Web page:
The film’s trajectory floats across the city, momentarily holding on to fragments of teenage conversation – a story about an aggressive older kid who bullied Arab teenagers into leaving a venue; a soundbite recalling the sexual language used to describe and demean a teenage girl due to her apparent sexual lifestyle. The atmosphere is electric, charged with desire and anger, and the rawness of growing up is expressed through the immersive soundtrack, an explosive emotional landscape.

This is a truly exciting film, groundbreaking in its cinematography and rendering of fleeting moments in the city, witnessed by teenagers on the cusp of adulthood. Michelle Kranot once stated (in a previous Zippy Frames interview about the Anidox lab) that animators come to the field of documentary because they are seeking the truth; whilst documentary makers come to the practice of animation because they are looking for new ways to express depth. Rachel Gutgarts’ film is a visionary approach to telling real stories, which fluently mobilizes animation processes to build an authentic and deeply empathic world that draws the viewer into the fleeting moments of the protagonists’ experience. 

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'Via Dolorosa', 2D animation, silver gelatin print, 2023 (10' 32'', France)
Directed by: Rachel Gutgarts | Written by: Rachel Gutgarts, Einat Gaulan | Producers: Emmanuel-Alain Raynal, Baussaron Pierre | Live music performances: Deaf Chonky, Dunam, Klangfarben | Video references: Vel Saden, Yonatan Swed, Shaun Shar-Lev, Asif Kaufman, Eddie Botstein | Editing: Albane du Plessix | Artistic direction: Noam Horowitz, Rachel Gutgarts | Artistic consultation: Martina Scarpelli | Storyboard/layout/animatic/animation: Rachel Gutgarts | Backgrounds and coloring: Noam Horowitz, Rachel Gutgarts | Print: Noam Horowitz | Compositing: Rachel Gutgarts | Sound design: Aviv Stern | Studio recording: Mazkeka | Voice coach: Anat Bosak | Mix: Augustin Brétillard, Aviv Stern | Produced by: Miyu Productions | With the support of ANIDOX:LAB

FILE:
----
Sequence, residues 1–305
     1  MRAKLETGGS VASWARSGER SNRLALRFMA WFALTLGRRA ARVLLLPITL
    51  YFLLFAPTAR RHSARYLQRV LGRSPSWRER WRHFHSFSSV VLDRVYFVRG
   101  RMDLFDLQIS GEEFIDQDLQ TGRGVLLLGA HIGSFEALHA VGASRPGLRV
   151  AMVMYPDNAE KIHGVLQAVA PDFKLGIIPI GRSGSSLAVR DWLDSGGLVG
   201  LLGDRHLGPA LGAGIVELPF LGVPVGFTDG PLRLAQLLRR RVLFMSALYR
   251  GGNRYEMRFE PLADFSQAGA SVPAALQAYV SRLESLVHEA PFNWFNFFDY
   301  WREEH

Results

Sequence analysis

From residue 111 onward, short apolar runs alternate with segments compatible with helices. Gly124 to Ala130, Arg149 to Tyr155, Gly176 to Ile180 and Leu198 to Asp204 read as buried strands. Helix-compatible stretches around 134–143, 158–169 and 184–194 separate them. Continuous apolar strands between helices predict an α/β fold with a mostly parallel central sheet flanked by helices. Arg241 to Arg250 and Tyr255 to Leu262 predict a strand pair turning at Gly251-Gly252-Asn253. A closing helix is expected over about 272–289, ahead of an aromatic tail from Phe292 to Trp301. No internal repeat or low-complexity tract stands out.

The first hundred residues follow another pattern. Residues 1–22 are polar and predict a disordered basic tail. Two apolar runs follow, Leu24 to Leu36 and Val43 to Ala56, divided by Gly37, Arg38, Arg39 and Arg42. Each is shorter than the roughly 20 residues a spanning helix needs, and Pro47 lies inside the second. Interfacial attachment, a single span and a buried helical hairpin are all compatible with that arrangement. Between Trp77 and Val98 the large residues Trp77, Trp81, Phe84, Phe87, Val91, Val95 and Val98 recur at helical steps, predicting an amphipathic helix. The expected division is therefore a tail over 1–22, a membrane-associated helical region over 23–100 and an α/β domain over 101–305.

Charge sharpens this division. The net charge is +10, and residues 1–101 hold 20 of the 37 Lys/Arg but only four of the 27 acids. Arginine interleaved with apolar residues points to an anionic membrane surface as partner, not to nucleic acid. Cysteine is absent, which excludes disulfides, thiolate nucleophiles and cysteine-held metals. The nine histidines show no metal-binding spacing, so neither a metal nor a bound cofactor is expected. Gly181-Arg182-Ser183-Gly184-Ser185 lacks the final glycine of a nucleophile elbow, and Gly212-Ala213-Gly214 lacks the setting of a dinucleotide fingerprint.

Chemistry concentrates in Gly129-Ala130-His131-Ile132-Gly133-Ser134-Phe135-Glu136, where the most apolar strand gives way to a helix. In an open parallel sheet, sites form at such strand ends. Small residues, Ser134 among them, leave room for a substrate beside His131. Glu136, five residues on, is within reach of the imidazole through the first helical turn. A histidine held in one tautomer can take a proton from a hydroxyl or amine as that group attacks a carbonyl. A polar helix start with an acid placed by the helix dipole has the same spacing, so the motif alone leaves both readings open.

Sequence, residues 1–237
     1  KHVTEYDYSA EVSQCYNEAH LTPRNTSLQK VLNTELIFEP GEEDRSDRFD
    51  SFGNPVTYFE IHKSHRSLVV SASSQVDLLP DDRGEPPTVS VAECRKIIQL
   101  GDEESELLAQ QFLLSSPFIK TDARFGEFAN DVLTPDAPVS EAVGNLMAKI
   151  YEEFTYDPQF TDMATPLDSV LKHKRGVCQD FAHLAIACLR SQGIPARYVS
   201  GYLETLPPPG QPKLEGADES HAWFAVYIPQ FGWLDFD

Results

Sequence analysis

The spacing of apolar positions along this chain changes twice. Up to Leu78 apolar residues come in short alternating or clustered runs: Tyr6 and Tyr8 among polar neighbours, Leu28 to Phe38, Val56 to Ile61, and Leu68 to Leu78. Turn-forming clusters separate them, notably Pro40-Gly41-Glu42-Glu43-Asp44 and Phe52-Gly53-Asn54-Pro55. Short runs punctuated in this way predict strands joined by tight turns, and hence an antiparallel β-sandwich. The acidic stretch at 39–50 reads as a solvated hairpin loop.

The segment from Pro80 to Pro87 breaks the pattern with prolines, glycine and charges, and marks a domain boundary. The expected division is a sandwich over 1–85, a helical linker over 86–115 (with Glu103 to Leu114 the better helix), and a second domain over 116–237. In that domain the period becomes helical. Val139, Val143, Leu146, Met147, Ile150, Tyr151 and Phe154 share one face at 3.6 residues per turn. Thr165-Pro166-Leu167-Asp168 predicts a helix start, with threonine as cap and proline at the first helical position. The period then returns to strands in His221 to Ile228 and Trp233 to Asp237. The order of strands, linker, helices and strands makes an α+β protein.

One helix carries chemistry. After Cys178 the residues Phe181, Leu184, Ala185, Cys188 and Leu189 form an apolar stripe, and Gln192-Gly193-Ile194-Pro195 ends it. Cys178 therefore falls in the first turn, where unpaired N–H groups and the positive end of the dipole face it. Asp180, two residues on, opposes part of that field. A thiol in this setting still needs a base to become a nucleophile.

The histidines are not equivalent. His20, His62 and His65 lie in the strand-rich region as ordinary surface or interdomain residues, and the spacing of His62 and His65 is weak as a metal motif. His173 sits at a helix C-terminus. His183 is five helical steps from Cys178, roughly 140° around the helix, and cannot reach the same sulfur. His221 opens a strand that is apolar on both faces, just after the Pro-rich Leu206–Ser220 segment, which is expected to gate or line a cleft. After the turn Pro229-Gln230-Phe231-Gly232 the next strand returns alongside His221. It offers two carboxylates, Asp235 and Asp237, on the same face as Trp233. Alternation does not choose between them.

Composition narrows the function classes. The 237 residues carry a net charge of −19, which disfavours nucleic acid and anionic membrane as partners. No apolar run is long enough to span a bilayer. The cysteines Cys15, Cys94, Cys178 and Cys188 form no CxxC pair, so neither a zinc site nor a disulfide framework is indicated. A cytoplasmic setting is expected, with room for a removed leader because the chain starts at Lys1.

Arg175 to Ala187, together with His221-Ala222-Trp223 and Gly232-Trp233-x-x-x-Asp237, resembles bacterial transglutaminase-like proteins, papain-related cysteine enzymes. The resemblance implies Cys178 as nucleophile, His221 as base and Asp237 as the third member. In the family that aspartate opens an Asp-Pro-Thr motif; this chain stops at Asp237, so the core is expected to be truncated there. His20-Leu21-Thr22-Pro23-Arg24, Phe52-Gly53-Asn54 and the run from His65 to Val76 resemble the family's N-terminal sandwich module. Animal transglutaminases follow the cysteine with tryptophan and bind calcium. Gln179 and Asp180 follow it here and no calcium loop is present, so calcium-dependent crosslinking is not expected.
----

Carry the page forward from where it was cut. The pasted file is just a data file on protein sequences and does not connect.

About Rachel Gutgarts:
She was born in 1992 in Jerusalem. She graduated from the animation department at Bezalel Academy of Art and Design in Jerusalem (BFA), with a focus on experimental techniques, mainly animated silkscreen prints. 'A love letter to the One I made up' (graduation film, 2017) was screened at many film and animation festivals around the world. Her current film, 'Via Dolorosa', a short animated documentary, produced by Miyu Productions, follows teenage life in Jerusalem from a personal perspective. Rachel's practice consists of printing animated frames in various analog techniques such as silver gelatin print, cyanotype, and silk screen print, drawing inspiration from the history of photography and early photographic techniques alongside Soviet design in an attempt to combine such aesthetics with documentary practices.

Contributed by: Joseph Norman